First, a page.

How to make a Gillier Pantone reactor for water injection in Diesel engines?
This page is part of the dossier ofhelp to carry out a Gillier Pantone water doping.
The description refers to the plan:
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1) The reactor is placed as close as possible to the exhaust manifold. To recover as much heat as possible, it is preferable on turbo diesel to place a small deflector, in order to channel the exhaust gases around the front part of the reactor (steam outlet).
This deflector is linear, it is just a ring which channels the exhaust gases around the start of the reactor over a distance of 1/4 to 1/3 the length of the reactor, like a tube flared at the start and flared at the outlet (long venturi) with a reduced passage so that all the exhaust gases are throttled on this part, not too long in order to create the least possible restriction.
Caution : no spiral deflector, this slows down the passage of exhaust gases too much and gives no advantage at this level: the temperature drop is so sudden and localized when the reactor is operating that there is no point in let the exhaust gases stagnate around the reactor.
2) The reactor tube is made of stainless steel. It is welded into the exhaust pipe, the ends can be threaded or tapped.
The usual diameter of the inner tube of the reactor is 1 / 2 inch, 15 16 mm was inside, but other dimensions may be suitable. Ensure that the clearance between the rod and tube either to 1 1,5 mm.
3) The rod is made of stainless steel and its diameter is normally 13 mm. But it can be adapted to the diameter of the inner tube of the reactor in order to have a game has 1 1,5 mm. The length of the shaft varies in 100 150 mm for doping water. More powerful the motor over the rod can be shorter.
4) At the outgoing end of the reactor, a 3/8 or 1/2 threaded plug allows inspection and possible replacement of the rod.
5) The diameter of the outer tube after the restriction, it aims to conserve the original section of the exhaust tube around the reactor.
6) The entrance of the stem is cut at right angles, and its output is rounded or slightly profiled. Welded or screwed a rod 4 mm at the end: it is a spacer that joins the cap (4).
7) The spacer is intended to position the rod: it always ends up taking the game with expansion and vibration, and it behaves like a piston in the tube, drawn forward by suction. Without the spacer, the rod would eventually clog the exit hole of the reactor gas ...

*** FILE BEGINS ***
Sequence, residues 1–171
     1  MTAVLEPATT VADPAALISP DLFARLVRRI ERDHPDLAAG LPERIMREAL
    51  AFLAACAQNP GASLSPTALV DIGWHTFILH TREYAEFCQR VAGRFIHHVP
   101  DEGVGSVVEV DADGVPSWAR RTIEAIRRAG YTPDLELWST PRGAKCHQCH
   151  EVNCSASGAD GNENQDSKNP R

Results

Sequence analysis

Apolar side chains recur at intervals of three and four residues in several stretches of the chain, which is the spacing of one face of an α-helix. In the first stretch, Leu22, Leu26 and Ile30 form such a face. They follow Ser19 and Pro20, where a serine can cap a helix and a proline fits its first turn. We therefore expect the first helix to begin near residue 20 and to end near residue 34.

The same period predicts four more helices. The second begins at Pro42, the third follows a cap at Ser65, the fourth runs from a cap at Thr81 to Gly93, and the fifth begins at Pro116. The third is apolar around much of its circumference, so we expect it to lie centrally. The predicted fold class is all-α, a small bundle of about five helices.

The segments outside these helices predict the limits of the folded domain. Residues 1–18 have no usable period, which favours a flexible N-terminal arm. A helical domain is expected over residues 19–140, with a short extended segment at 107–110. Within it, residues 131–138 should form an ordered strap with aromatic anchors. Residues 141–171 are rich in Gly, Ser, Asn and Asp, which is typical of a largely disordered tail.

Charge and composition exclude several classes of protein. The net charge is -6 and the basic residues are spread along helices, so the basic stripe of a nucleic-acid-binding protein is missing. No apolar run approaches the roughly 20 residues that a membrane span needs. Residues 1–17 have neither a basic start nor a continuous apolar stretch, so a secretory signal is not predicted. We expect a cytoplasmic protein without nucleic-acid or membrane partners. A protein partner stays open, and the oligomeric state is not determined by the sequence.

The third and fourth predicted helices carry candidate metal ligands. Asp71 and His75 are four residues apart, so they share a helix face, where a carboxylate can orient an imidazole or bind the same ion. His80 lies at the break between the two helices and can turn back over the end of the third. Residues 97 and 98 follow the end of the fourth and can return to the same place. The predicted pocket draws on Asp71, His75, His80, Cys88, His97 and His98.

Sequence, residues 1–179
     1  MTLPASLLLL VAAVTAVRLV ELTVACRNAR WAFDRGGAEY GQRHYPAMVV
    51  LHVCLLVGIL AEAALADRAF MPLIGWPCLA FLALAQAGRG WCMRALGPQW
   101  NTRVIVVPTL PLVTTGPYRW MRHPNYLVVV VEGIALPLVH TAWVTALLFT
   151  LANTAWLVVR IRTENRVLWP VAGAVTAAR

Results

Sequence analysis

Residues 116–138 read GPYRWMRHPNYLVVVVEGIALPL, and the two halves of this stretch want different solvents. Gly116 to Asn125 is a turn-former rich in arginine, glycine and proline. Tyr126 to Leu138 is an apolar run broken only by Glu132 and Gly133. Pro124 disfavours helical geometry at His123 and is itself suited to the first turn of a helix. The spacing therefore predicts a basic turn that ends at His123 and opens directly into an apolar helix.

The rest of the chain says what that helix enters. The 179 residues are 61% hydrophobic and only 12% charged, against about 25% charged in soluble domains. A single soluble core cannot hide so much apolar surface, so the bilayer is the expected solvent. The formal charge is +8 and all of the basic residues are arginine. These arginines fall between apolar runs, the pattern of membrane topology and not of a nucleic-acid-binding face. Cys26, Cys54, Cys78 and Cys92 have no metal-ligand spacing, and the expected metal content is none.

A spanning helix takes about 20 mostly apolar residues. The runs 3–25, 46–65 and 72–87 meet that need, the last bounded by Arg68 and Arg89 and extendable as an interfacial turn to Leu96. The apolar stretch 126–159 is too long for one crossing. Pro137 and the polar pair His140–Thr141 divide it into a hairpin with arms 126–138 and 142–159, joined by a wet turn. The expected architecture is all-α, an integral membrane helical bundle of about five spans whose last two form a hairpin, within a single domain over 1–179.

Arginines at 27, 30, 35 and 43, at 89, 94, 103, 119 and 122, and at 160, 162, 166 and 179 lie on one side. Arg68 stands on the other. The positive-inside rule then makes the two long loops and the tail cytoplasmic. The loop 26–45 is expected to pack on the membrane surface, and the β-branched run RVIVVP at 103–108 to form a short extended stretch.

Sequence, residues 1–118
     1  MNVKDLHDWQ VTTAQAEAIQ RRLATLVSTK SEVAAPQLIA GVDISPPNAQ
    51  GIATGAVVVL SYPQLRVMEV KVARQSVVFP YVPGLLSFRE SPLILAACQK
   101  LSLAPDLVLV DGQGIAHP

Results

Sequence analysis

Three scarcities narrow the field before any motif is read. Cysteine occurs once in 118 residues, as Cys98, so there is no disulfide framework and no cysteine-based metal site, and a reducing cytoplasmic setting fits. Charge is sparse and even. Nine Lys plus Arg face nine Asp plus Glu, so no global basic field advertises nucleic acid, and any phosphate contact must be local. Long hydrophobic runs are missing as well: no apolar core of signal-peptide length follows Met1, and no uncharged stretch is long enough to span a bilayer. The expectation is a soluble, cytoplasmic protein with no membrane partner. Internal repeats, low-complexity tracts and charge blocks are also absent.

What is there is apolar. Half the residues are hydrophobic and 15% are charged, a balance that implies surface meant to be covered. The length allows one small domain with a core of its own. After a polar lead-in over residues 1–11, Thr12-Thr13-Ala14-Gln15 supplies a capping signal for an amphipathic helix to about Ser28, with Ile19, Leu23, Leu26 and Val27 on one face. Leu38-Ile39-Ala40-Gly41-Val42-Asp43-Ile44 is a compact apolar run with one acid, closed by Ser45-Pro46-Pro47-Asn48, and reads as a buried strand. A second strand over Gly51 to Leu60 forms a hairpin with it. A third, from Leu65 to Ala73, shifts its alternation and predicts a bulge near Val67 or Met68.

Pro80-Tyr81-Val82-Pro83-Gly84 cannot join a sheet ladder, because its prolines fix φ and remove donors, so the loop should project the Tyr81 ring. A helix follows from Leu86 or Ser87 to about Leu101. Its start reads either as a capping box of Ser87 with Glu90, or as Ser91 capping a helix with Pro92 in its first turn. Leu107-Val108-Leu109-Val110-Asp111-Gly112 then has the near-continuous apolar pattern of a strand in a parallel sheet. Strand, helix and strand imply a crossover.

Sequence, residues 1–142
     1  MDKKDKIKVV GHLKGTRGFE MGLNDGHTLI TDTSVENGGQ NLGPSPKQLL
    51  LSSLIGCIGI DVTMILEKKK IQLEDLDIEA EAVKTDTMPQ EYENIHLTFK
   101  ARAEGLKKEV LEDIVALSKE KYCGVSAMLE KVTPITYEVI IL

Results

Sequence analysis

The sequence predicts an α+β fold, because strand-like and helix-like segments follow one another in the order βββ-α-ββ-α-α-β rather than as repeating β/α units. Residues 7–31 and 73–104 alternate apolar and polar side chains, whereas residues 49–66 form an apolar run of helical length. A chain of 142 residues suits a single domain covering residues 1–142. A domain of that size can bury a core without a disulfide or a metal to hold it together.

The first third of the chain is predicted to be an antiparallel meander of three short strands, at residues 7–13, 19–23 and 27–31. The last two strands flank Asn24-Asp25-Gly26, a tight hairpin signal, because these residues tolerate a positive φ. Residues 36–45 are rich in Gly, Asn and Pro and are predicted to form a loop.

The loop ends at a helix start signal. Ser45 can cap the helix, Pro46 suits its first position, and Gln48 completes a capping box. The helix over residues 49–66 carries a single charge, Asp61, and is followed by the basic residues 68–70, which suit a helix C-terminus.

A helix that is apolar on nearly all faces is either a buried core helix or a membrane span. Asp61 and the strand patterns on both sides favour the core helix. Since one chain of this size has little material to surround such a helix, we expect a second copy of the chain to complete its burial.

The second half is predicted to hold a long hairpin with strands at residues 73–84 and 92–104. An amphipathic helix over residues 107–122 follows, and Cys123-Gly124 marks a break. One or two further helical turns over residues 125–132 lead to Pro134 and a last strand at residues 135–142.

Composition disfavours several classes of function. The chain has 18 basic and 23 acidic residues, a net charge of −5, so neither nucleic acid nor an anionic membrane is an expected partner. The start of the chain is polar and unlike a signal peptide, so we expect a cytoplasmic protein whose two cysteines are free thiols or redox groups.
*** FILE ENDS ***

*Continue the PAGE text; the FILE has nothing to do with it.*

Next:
8) Center of upper: 3 solder pads is achieved "in depth" to 120 2 degrees to the ends of the rod. Then lime (or better in round) adjusting the soldering points so that the rod between just clamped and better centered in the tube as possible. [I] Please do not do bad 'balls' of welding, which can break off and join the engine! [/ I]
9) Concerning the electrical insulation, 2 insulated rods were tested: - One with ceramic nozzles of TIG welding nozzle. This was complicated to do and did not withstand the vibration for long. - The other is a steel rod on which Teflon plumbing tape has been wound, to then force it into a stainless steel tube. Then I welded the centering nipples on the steel rod, so the insulation of the stainless steel tube (measured with a Fluke multimeter) was very good. In testing I didn't notice a big difference in running on fuel oil or 30% old frying oil, as I usually use.
10) Antechamber: the rod is positioned so as to have an anteroom of 80 to 100 mm, this conditions the steam before reaching the rod. This anteroom can be shorter with a bubbler, it must be longer for a carburetor or a water injector, because the water is less sprayed than with a bubbler.
The antechamber is very large on my experimental set-up, it allows me to walk with fuel oil without heating the liquid or the intake air. This absorbs almost all the temperature of the exhaust, which becomes cold: it can be held with bare hands while the engine is running. It is thanks to this disproportionate anteroom that I managed to operate with a high ratio of fuel oil and engine oil.
11) The expansion chamber should be in the hottest part of the exhaust, if possible in an elbow. Normally a length equal to the diameter of the exhaust duct is sufficient.
The relaxation room is important. Its purpose is to increase the temperature of the mixture in the reactor. This is the point that heats the most in the reactor, even more than on the large diameter of the rod. I have some questions about this… - How can the small spacer rod heat up more than the large one which is 1 mm from the wall? - How is it that the thermocouple welded on the exhaust tube in this place, is hotter at the end of the big rod? Indeed; if we move the rod, this hot point, measured on the exhaust side, seems to follow the end of the rod!
This suggests that heat is produced as the gases leave the rod and enter a less restricted chamber. It happens over a short distance. By running the engine without reactor insulation, this hot part is clearly visible: no need for a thermocouple.
The usefulness of this chamber is not yet well understood, but these facts are easily reproducible ...